The CHAZ, in the few days since its inception, has gone on to establish itself as a long-term autonomous zone, rather than just a one-night demonstration. For the days of June 9th and 10th, basic necessities and public utilities were still readily accessible to the residents of the CHAZ, and protestors had made amenities to open up their barricades for garbage disposal and fire department services. On June 10th, speakers at a livestreamed CHAZ community assembly revealed that principal organizers had been in contact with the mayor’s office and the fire department, indicating both serious recognition from and genuine cooperation with established authorities. Also on June 10th, some of the protestors from the autonomous zone (and possibly allies from elsewhere in Seattle) marched on and briefly occupied city hall to demand the resignation of the mayor and the defunding of the police, as well as reportedly expanding the borders of the autonomous zone, showing the protestors’ continued strength. The situation is developing by the day, but as of this writing, it seems the organizers of the CHAZ are in it for the long haul.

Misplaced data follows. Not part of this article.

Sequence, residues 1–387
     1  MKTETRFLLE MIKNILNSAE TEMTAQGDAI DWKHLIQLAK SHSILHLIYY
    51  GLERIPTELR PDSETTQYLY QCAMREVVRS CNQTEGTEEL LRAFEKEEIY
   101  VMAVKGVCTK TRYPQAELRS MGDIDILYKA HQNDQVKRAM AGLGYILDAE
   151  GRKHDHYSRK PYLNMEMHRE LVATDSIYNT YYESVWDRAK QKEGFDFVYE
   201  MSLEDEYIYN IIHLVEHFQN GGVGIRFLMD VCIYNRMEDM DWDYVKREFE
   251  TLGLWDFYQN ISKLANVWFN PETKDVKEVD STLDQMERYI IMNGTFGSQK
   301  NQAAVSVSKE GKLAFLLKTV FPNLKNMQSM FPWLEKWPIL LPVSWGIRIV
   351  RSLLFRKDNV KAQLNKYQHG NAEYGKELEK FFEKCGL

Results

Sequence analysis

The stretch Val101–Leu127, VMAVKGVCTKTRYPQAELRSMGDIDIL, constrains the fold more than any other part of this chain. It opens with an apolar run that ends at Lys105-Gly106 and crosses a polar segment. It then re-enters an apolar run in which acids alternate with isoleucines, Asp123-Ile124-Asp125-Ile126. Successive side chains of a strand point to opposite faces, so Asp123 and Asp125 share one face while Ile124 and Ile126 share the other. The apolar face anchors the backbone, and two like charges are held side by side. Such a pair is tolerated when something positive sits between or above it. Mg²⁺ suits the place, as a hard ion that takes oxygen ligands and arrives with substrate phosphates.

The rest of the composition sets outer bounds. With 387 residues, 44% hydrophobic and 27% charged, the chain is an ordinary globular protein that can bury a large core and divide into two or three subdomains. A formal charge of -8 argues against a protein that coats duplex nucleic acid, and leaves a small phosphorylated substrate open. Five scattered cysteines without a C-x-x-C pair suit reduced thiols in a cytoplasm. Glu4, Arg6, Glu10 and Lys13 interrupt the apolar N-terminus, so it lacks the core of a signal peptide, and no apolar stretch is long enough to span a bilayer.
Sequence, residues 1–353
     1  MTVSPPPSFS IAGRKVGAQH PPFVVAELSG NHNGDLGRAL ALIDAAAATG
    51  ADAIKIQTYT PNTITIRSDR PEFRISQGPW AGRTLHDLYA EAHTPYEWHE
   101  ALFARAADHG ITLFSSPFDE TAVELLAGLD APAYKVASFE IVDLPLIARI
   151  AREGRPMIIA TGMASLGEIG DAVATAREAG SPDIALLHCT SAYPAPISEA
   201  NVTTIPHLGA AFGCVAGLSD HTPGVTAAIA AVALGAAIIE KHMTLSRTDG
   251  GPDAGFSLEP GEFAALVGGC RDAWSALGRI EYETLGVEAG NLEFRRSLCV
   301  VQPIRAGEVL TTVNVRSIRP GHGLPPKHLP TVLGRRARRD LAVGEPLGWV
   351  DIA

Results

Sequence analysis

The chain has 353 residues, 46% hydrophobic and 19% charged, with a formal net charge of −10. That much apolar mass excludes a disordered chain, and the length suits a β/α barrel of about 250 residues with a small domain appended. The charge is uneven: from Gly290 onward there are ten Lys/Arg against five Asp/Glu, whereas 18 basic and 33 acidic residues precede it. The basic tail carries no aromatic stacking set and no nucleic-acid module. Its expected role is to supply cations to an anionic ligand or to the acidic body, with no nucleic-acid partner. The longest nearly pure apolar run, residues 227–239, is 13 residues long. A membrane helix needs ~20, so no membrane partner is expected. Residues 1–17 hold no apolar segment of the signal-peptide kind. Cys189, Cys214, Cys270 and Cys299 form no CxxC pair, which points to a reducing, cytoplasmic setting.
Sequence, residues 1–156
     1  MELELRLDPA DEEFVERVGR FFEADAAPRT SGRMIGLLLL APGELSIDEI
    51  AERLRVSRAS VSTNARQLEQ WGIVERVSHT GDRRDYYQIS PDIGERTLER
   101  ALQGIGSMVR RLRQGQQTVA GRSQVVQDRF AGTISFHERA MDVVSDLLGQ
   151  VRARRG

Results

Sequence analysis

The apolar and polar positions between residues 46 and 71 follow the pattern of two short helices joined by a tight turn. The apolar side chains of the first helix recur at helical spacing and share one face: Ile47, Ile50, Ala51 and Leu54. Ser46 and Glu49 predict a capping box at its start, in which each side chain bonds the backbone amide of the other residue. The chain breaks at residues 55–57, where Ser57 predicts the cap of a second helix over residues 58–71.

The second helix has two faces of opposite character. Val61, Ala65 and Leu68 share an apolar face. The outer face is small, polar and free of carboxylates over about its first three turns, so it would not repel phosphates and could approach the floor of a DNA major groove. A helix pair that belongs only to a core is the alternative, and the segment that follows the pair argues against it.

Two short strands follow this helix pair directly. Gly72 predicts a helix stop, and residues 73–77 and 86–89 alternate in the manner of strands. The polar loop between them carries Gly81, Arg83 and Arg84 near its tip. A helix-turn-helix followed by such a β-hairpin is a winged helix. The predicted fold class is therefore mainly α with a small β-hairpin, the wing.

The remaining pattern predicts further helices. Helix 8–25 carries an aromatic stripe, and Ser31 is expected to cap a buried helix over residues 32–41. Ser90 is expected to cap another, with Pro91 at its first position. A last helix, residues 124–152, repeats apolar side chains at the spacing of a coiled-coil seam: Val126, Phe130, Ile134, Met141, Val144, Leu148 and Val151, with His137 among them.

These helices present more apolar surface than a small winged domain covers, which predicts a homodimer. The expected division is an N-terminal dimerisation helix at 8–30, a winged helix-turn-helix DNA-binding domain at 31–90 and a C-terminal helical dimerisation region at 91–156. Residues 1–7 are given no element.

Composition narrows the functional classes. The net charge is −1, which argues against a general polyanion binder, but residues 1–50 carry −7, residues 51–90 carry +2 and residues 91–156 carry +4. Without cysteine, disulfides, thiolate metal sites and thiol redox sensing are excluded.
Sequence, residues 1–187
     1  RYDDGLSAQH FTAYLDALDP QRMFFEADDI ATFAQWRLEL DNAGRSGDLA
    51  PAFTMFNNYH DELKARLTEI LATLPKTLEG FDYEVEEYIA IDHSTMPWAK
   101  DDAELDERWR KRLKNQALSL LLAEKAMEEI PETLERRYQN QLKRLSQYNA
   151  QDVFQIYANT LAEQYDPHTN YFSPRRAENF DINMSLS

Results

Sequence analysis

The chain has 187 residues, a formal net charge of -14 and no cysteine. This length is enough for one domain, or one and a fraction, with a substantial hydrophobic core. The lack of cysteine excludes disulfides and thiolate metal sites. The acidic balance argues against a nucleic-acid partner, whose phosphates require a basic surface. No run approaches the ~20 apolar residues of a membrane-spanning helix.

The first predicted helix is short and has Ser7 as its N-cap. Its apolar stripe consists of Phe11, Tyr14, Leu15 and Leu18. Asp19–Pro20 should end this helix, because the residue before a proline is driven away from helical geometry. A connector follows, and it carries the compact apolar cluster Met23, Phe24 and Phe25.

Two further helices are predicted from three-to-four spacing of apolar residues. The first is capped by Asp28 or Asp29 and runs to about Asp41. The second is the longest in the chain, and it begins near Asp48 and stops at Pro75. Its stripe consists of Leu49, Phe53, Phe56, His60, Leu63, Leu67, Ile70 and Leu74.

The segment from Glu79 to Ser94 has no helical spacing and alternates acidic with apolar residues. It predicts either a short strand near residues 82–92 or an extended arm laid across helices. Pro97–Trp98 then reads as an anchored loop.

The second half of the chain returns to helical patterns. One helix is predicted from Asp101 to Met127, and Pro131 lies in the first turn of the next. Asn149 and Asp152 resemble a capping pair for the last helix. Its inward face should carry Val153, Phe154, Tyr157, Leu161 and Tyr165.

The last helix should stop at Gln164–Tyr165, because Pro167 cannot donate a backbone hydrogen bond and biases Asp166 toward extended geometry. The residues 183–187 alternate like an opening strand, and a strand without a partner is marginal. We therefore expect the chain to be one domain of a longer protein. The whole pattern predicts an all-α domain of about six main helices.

New Developments & Speculations
Naturally, such a radical development has led to lots of questions, and it’s been hard for people to separate fact from fiction over the past few days. The livestreamed CHAZ assembly on the 10th shined some light on the inner workings of the area. Assemblies, open to all in the area, seemed to be a daily occurrence in the CHAZ, complete with speeches, Q&A sessions, impromptu community “think tanks”, general information, and more. A couple hours of tuning in to this revealed startling amounts of both organization and disagreement. The CHAZ seems to operate with a small group of self-appointed leaders making the final calls, and although these leaders try to stay accountable to the community, they regularly receive criticism for unaccountability. One of these leaders, a local rapper and activist named Raz Simone, is of particular interest. A video surfaced of him walking around with a gun, harassing graffiti artists, identifying himself as the new police, which obviously caused quite the stir. Later reports from CHAZ residents, however, described him as more of an activist who briefly lost his cool than the sort of permanent warlord that social media painted him as. The truth behind the Raz Simone situation remains hazy, but what is clear is that his influence is limited and very much disputed within the CHAZ.